Multi-layer boards combine the basic single and double sided boards to increase the wiring spaces. A layer of insulation was placed between each level and the layers are laminated together. Technically, Multi-layer boards can comprise 4 to 60 layers or more. The primary technology is the precise positioning between the layers as well as the control and handling of the thick and heavy boards throughout the production process.

According to estimations made by Prismark, Multi-layer boards accounted for 35% of the total gross output (US$57.5 billion) for PCB in 2014, which accounted for the biggest portion in the technology category. The average compound annual growth rate for multi-layer boards between 2013-2018 is estimated at 2.1%. The products are widely used in computing, telecommunications, consumer, automotive, industrial, medical, military, aerospace, and other products.

High density interconnect (HDI) boards primarily adopt the micro-blind/buried hole technology to make PCBs with higher density circuits. The largest difference between a HDI and a traditional PCB is the hole formation method. HDI technology adopts the non-mechanical drilling method that primarily uses laser drills. In addition, HDI adopts additive layer method. As the number of the layers increases, the corresponding technological capacities are elevated as well. Advanced circuit board technologies such as electrolytic hole filling, hole stacking, and direct laser drilling are adopted during the production process.

HDI boards have the advantages of being lightweight, thin, short, and small as well as having higher line densities, better electrical characteristics and signals, short transmission path, and improvable radio frequency interference / electromagnetic interference / electrostatic discharge. Any-layer HDI is the high-end technology that uses laser drilling to open up connections between the layers, and thereby allowing the product to be lighter and thinner. The degree of difficulty for this technology is higher as well. According to estimations made by Prismark, HDI boards accounted for 14.6% of the total PCB gross output (US$57.5 billion) in 2014. The average compound annual growth rate for HDI boards between 2013-2018 is estimated at 3.4%. The products are widely used in smartphones, tablets, wearable devices, LCD panels, automotive, and storage devices.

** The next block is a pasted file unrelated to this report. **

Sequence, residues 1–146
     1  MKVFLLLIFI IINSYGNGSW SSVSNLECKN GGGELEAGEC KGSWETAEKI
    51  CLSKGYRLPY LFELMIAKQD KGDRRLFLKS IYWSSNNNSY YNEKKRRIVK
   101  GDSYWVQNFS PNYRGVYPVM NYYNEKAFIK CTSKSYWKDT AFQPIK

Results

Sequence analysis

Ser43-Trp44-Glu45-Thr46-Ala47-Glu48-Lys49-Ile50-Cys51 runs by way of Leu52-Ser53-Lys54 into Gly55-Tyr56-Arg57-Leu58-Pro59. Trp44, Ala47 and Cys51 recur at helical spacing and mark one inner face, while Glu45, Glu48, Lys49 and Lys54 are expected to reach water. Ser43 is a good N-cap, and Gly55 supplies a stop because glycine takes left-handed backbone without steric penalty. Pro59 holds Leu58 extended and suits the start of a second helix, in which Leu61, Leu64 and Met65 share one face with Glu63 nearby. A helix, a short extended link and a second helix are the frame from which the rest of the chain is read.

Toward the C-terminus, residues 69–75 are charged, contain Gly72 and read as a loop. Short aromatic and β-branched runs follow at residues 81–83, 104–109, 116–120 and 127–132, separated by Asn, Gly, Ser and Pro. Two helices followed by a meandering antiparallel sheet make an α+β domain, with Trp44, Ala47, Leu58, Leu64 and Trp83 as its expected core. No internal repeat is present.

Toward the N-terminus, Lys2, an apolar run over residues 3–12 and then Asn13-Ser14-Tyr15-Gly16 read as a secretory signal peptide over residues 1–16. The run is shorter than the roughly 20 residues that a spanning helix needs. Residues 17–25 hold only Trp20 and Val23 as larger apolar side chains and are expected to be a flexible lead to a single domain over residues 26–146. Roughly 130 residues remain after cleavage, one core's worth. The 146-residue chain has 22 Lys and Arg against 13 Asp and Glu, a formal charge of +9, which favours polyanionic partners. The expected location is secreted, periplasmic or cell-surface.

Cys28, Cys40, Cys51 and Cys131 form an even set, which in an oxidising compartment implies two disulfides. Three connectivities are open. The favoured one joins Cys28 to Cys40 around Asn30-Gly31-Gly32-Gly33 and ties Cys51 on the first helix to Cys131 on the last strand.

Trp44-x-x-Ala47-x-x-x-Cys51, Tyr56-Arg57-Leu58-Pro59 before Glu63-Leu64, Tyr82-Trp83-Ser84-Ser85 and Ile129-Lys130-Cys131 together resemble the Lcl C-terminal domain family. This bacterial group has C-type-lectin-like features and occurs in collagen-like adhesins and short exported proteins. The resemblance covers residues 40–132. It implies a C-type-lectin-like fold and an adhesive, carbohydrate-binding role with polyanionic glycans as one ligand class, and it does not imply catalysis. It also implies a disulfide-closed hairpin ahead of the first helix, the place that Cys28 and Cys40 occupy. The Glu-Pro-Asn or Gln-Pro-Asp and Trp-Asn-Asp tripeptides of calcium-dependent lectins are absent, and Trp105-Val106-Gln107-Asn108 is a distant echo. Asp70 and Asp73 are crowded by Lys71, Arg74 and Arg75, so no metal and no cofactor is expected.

PCBs are generally divided into rigid and flexible types. When a flexible board is sandwiched between two rigid boards to structure a PCB, it is known as the Rigid Flex Board. According to different manufacturing processes, rigid-flex Boards can be classified as follows:

  1. Rigid flex board (99%) — Uses an entire flexible board as the base with the PP or core layer added on top and pressed-fit to create a PCB.
  2. Rigid flex combination board (1%) — Only the flexible board portion is produced, and then the flexible board is buried into the rigid board and pressed-fit into a PCB (presently patented by the Japanese manufacturer Ibiden).

The biggest advantage of a Rigid Flex Board is its lightweight, thinness, shortness, and smallness qualities. In addition to saving space, it can also effectively reduce the noise problems produced during signal transfers from the flexible board to the rigid board. Due to Rigid Flex Boards’ better reliability, signal integrity, noise suppression, and impedance control characteristics, they are widely adopted for smartphones, LCD panels, CMOS, battery modules, and wearable devices.

High-frequency Board has recently become a key focus of development because the flourishing developments of big data, wireless transmission, and social group networking have driven the popularity of electronic devices such as smartphones, tablet PCs, and notebook computers as well as increased the demands for high-speed electronic products/high-frequency networks.